Solidarity is not just about the care of the socio-political realities of people in the here and now. That’s the too dangerous game in which many in the social justice crowd engage. To be in solidarity, for them, means getting involved in social action against “the man.” What are often ignored are the cultural and spiritual needs for the human person.
Perhaps what could be added to the Holy Father’s dictum is that we are all really responsible for all and for all of each of them… for their total good, not just their material well-being. This virtue of solidarity, is a difficult one to accept …I know. But it is nonetheless true, and, as the Catechism says, the more we try to live our lives by it the more we can come to accept it. What we also come to discover, however, is just how extensive it is.
G. K. Chesterton, Uncle Gilbert as I like to name him, called tradition the “democracy of the dead.” That’s an important notion. Our traditions, passed onto us by culture, are the result of hundreds of millions of “votes” cast by our predecessors. In a world where everyone’s voice must be heard, that ought to count for something. So solidarity is not just socio-political, nor is it merely monetary. Solidarity can be chronological. It can also be spiritual.
Every Sunday we say that we believe in things seen and unseen. We believe that there are angels flittering about the tabernacle. And at each Eucharist we believe that we are not just remembering through reenactment and not redoing the sacrifice of Christ on the cross, but that we are connecting with an originally historic and simultaneously eternal event. Christ is there crucified before us. We are there. This is solidarity.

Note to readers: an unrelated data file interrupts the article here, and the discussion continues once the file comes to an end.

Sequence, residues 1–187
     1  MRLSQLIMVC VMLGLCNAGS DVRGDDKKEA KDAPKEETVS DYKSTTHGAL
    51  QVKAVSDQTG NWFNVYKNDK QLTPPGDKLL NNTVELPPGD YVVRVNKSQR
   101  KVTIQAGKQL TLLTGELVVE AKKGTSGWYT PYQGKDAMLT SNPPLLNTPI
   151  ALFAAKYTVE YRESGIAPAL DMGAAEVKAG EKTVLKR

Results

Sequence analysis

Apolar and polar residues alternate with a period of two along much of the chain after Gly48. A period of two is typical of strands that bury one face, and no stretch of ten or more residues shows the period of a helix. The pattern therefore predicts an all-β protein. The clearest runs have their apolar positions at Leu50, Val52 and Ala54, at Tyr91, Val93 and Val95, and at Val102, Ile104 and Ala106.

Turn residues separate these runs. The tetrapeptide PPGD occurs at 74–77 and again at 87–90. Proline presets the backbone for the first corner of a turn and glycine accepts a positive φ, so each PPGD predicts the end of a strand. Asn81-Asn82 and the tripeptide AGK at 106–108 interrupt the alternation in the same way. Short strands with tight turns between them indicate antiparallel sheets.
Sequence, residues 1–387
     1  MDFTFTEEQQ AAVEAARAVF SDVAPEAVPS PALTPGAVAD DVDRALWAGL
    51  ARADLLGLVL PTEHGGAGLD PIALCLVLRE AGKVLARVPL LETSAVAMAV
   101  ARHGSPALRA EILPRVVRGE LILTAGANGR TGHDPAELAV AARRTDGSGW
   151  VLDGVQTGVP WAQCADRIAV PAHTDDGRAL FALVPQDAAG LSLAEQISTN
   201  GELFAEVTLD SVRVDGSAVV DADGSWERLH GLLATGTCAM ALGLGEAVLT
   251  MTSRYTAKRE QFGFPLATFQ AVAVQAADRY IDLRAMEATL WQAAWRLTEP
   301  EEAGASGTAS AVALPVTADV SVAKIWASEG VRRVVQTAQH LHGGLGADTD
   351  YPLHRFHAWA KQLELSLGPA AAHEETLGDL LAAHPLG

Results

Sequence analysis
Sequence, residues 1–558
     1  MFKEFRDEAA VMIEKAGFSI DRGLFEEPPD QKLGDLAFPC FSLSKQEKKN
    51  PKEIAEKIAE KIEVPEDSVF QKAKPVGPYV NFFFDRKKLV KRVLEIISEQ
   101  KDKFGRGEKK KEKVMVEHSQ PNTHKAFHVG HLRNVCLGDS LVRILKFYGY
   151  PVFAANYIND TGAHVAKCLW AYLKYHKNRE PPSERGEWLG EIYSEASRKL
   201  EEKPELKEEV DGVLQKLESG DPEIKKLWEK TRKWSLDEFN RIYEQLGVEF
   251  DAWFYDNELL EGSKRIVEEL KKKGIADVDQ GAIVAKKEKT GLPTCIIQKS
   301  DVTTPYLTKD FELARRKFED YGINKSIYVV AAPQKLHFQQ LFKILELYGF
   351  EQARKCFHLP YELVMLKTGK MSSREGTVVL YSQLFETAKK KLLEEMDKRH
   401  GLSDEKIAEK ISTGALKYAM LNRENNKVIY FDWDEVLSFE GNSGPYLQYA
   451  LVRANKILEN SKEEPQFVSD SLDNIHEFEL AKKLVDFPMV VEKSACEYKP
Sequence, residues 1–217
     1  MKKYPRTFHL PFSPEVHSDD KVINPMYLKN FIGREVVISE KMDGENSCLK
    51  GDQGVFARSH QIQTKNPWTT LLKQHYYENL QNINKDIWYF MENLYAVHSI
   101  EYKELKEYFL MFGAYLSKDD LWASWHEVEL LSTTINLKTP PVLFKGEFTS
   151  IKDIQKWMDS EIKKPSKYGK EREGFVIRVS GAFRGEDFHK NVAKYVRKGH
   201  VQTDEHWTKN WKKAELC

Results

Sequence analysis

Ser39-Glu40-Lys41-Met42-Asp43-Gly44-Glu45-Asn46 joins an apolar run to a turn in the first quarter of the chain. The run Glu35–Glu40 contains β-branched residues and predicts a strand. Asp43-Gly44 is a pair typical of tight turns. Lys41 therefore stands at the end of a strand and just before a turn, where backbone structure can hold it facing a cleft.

When we attend the Holy Sacrifice of the Mass and kneel there as the good presbyter raises high the sacred body, we are there too with John and Mary looking on at the broken man who is God. Solidarity exists there because of God’s movement towards us, which make this is an astonishing solidarity that ought to take our breath away.
Keep in mind, too, that also present at the altar is the Church, militant and otherwise. Through the Eucharist we gain solidarity with members of the communion from around the globe, but also with those on the other side of the undiscovered country. When the bells ring and the priest kneels, we are there with the suffering Lawrence on the grill; we are there with Campion on the gallows; we are there with the martyrs of Compiegne and with St. Joan tied to the stake. Heaven is before us at the making of the corpus Christi. Why would not our dearest brothers and sisters in the faith make true their solidarity with us by drawing our hearts and minds deeper into Him whom they loved so well in this life?
The spiritual and chronological solidarity must extend to the “all” here and now. With reception of the host we are also there with the lonely, single mother who struggles to know if she is doing enough. We are there with the father who means to beat back the voice that tells him his family would be better off without him. We are there with the elderly woman who misses yet another opportunity to remember the name of the daughter before her.
The Eucharist provides us with the opportunity for a solidarity with the world that is unmatched and unheard of. By bringing us into the heart of God, and through the movement of God into us, the Eucharist enlivens that adamantine connectedness that is so easily forgotten and ignored in our everyday lives. Through its healing balm we can begin to become more like those saints of the heavenly banquet, and be “partakers of the divine nature.” What a solidarity is that!
This is why social justice must start with Jesus Christ, for anywhere else and our solidarity becomes so narrow as to choke the charity out of it.
I hope you all have a very blessed Corpus Christi.